Play the man

Apple's new iMacs may look silly, but it's the price that's killer

A lot of the press is laughing at Apple's new iMac, but the pricing and value are the real stories here.
Daniel Rubino

Imac 2021 PressApple iMac (2021) looks OK, but the value is substantial.Source: Apple

Earlier this week, Apple held its spring event, where it announced refreshes to its iPad Pro, introduced AirTags, and something about a purple phone. The big reveal, though, was the highly anticipated refresh of the 24-inch iMac.

As a side note, I always find it entertaining the overpromise of Apple rumors versus the reality. Early renders had the iMac being essentially a giant iPad Pro with no chin. Another tale suggested there would be an option for something closer to 32-inches, too. And few guessed that space gray would not be a choice, and instead, we would get some, ahem, bold pastels.

While it is fun to tease Apple and the new iMacs based on looks (the chin, the weird bezel, the colors) and the unnecessary thinness (it uses a MagSafe because it is literally too thin for an AC plug), it's all low-hanging fruit. Apple often releases odd designs, like AirPods, or has terrible names, like iPad, but it never matters. What does matter is if the product is good, and I am willing to give the benefit of the doubt to Apple that it is.

But what makes the new iMacs, with their 4.5K Retina displays and Apple M1 chips, killer is the price. The 8-core model with adequate (but not great) 256GB of storage starts at $1,299. The "high-end" version is $1,699 with 512GB of storage. A 2TB option is expected later.

That's not cheap, but it's also not ridiculous either, especially when comparing it to Windows PCs.

Sure, HP has the excellent-looking Pavilion All-in-One (AIO) 27-inch, which can be configured with double the RAM, many more ports, and quadruple the storage for slightly less than Apple's. But Apple's M1 chip easily beats that Intel Core i7-10700T in any benchmark by a significant amount. Plus, Apple's 4.5K Retina display trumps the Pavilion's QHD (2560 x 1440) one, and you get that nifty new iPhone camera tech.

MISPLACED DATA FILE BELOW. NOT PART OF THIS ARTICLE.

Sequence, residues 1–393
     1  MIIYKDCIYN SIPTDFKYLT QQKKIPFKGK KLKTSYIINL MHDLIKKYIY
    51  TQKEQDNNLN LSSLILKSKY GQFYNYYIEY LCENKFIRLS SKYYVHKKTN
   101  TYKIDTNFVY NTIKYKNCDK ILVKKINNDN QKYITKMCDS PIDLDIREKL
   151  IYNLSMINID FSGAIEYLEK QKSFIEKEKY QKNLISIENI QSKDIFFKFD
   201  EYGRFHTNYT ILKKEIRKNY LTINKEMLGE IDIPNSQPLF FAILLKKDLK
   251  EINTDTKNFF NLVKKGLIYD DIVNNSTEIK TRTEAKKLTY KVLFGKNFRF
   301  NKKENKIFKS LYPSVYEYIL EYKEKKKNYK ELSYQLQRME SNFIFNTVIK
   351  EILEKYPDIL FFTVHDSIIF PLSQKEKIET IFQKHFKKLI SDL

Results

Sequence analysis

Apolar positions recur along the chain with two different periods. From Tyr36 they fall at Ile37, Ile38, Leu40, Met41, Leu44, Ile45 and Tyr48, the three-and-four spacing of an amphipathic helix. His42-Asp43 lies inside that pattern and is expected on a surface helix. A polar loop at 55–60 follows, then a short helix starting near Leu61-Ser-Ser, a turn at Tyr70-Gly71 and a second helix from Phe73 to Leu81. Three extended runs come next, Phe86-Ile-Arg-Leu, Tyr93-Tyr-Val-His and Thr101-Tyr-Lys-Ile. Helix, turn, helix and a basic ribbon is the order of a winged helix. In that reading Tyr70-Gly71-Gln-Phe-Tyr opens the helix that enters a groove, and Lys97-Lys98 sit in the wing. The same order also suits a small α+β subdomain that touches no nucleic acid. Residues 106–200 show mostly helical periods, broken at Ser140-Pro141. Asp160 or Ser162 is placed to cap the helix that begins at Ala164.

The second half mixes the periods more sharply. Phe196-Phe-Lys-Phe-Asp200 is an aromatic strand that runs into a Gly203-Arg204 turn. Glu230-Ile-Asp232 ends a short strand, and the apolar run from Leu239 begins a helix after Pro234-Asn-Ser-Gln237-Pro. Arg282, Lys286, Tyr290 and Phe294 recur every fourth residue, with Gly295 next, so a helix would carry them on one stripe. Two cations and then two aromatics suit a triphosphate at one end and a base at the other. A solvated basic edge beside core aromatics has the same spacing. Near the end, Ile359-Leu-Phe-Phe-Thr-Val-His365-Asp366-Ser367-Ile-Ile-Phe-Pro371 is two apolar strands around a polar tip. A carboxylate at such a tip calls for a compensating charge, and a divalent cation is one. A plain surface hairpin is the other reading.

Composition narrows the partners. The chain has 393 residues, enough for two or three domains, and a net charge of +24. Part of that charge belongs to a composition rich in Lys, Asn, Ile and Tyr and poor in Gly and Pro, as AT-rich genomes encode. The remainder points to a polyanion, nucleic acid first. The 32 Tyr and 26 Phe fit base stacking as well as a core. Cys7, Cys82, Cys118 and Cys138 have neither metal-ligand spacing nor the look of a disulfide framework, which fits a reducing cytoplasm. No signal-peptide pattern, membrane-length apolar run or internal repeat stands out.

HP also has the absurdly good ENVY All-in-One 32-inch, now with a 65-watt 10th Gen i7-10700 and RTX 2070 GPU, but pricing for that behemoth is around $2,300 (you can get one starting at $1,700, however). Going in the other direction, Dell has its Inspiron 24 starting at $520, which helps those on a budget.

But there is not much in the way of a $1,400 premium AIO Windows PC. Surface Studio 2 certainly looks the part, but it starts at $3,500 (and the guts are dated). See our best all-in-one PCs to see what we mean — there's exciting stuff, for sure, but not quite like that iMac.

Hp PavilionHP Pavilion AIO 27 is cheaper, has more ports, and looks great, but ...Source: HP

Right now, Apple has this weird lock on outstanding displays and a perfect processor. We recently wrote about how there aren't many great AIO Windows PCs – likely a reflection of the market being slow to adopt them. Apple, however, is figuring out a new market with a computer that merges the iPad Pro with a desktop PC. It is thin and light at 9.88 pounds (4.48 kg), and it looks like something from the future.

Even if Microsoft wanted to create such a PC, the choice of CPU would be a limiting factor. Either Intel or AMD would need active cooling, which means fan noise and venting in the chassis – both of which the new iMac omits. Qualcomm (or even Huawei and Microsoft) could be an option if it has a desktop-class ARM processor waiting in the wings. I believe Qualcomm will have an answer to a desktop M1, but until it is announced and benchmarked, it is just vaporware.

The bottom line: do not get distracted with the looks of the new iMac. The real story is that price, which will give PC makers some heartburn later in May when it finally hits store shelves. Colleges, boutiques, hotels, trendy artists, and those already steeped in the Apple ecosystem will gladly fork out money for the M1 iMac. And while I'm not fond of the colors, people are going to find it fun.

Usually, this is where I'd say let's see how Microsoft and its partners respond, but it's not even clear that they can, not at this level. Watch this space.

Daniel Rubino

Daniel Rubino

Daniel Rubino is executive editor of Windows Central. He has been covering Microsoft since 2009 back when this site was called WMExperts (and later Windows Phone Central). His interests include Windows, Surface, HoloLens, Xbox, and future computing visions. Follow him on Twitter: @daniel_rubino.